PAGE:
This stylized cover painting of bodybuilder and actor Steve Reeves, as well as the covers below, were painted by the late George Quaintance, who was a pioneer of male physique art during the 1950s. Quaintance's work was considered "beefcake" art, and appeared mainly on bodybuilding magazines. He never had an official gallery showing, for the obvious reason that mid-twentieth century America would not have tolerated public display of his Greek god figures with their prominent bulges. But he earned a measure of cult fame anyway, and undoubtedly must have gotten a real charge out of expressing his sexuality right under the noses of the establishment. You can see more of his stunning pieces here.

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History Rewind
The headlines that mattered yesteryear.
May 15
1905—Las Vegas Is Founded
Las Vegas, Nevada is founded when 110 acres of barren desert land in what had once been part of Mexico are auctioned off to various buyers. The area sold is located in what later would become the downtown section of the city. From these humble beginnings Vegas becomes the most populous city in Nevada, an internationally renowned resort for gambling, shopping, fine dining and sporting events, as well as a symbol of American excess. Today Las Vegas remains one of the fastest growing municipalities in the United States.
1928—Mickey Mouse Premieres
The animated character Mickey Mouse, along with the female mouse Minnie, premiere in the cartoon Plane Crazy, a short co-directed by Walt Disney and Ub Iwerks. This first cartoon was poorly received, however Mickey would eventually go on to become a smash success, as well as the most recognized symbol of the Disney empire.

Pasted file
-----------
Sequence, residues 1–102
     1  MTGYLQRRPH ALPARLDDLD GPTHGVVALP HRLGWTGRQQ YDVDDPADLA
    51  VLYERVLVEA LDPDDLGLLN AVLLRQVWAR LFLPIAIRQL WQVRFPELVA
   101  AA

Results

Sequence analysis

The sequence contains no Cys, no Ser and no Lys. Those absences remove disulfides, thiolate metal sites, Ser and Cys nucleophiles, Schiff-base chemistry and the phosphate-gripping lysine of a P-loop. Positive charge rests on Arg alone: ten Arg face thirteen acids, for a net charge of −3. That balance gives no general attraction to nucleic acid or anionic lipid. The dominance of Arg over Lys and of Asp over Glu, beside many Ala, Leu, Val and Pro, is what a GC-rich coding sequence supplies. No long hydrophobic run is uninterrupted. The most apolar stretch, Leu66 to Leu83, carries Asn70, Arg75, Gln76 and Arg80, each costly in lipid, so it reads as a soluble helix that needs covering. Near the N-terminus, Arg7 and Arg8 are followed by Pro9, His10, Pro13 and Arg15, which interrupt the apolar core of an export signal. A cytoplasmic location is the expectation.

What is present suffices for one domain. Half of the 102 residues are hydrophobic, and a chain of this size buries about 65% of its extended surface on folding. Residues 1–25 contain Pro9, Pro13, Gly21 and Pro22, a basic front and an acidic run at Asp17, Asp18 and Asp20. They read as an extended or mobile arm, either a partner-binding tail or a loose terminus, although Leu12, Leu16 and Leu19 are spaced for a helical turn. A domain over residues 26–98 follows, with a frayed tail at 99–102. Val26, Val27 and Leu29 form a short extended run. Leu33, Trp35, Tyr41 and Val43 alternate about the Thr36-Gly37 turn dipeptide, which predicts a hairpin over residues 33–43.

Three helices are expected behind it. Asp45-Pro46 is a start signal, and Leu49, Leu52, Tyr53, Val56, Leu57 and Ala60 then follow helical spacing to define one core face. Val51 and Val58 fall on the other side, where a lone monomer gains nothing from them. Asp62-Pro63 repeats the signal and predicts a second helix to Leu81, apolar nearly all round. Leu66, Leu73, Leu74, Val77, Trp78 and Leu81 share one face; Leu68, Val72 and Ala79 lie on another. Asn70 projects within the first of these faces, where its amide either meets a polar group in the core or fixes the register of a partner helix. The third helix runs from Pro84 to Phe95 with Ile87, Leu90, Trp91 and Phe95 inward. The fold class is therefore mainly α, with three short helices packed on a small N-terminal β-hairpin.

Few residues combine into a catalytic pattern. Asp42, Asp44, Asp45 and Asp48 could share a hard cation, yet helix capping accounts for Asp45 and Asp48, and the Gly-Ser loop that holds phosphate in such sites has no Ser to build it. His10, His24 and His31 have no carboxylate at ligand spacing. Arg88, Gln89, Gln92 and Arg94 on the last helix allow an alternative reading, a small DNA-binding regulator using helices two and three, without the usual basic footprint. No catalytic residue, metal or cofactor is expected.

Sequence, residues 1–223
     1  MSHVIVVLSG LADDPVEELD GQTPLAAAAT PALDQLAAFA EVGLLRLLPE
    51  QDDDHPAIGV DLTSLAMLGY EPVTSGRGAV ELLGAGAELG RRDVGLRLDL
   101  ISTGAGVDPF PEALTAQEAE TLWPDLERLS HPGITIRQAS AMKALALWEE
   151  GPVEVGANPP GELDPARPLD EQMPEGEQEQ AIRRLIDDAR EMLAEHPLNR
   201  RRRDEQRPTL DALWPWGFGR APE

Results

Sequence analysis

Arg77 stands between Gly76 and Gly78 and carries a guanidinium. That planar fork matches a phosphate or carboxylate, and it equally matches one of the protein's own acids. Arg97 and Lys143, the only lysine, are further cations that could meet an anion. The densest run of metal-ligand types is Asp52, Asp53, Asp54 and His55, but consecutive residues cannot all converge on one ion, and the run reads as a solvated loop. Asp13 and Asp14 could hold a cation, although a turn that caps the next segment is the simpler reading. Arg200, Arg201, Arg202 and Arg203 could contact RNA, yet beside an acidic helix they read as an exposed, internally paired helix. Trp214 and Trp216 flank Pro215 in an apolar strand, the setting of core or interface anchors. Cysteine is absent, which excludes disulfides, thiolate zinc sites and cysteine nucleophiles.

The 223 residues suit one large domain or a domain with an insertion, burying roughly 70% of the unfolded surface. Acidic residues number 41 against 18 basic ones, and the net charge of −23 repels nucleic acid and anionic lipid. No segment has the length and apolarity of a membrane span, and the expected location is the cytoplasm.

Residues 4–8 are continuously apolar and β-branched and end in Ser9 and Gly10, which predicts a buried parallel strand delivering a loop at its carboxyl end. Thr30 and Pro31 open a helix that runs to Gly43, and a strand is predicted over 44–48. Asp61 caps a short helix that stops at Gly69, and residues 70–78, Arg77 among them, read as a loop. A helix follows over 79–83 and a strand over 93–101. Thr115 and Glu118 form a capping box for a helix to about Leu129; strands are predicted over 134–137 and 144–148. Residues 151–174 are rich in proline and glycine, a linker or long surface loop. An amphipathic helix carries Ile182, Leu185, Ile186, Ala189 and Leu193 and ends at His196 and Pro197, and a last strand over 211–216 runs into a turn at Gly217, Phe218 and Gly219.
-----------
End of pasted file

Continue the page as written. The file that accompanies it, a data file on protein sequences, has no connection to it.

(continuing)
May 14
1939—Five-Year Old Girl Gives Birth
In Peru, five-year old Lina Medina becomes the world's youngest confirmed mother at the age of five when she gives birth to a boy via a caesarean section necessitated by her small pelvis. Six weeks earlier, Medina had been brought to the hospital because her parents were concerned about her increasing abdominal size. Doctors originally thought she had a tumor, but soon determined she was in her seventh month of pregnancy. Her son is born underweight but healthy, however the identity of the father and the circumstances of Medina's impregnation never become public.
1987—Rita Hayworth Dies
American film actress and dancer Margarita Carmen Cansino, aka Rita Hayworth, who became her era's greatest sex symbol and appeared in sixty-one films, including the iconic Gilda, dies of Alzheimer's disease in her Manhattan apartment. Naturally shy, Hayworth was the antithesis of the characters she played. She married five times, but none lasted. In the end, she lived alone, cared for by her daughter who lived next door.
May 13
1960—Gary Cooper Dies
American film actor Gary Cooper, who harnessed an understated, often stoic style in numerous adventure films and westerns, including Sergeant York, For Whom the Bell Tolls, High Noon, and Alias Jesse James, dies of prostate, intestinal, lung and bone cancer. For his contributions to American cinema Cooper received a plaque on the Hollywood Walk of Fame and is considered one of top movie stars of all time.
1981—The Pope Is Shot
In Rome, Italy, in St. Peter's Square, Pope John Paul II is shot four times by would-be assassin Mehmet Ali Agca. The Pope is rushed to the Agostino Gemelli University Polyclinic to undergo emergency surgery and survives. Agca serves nineteen years in an Italian prison, after which he is deported to his homeland of Turkey, and serves another sentence for the 1979 murder of journalist Abdi Ipekçi. Agca is eventually paroled on January 18, 2010.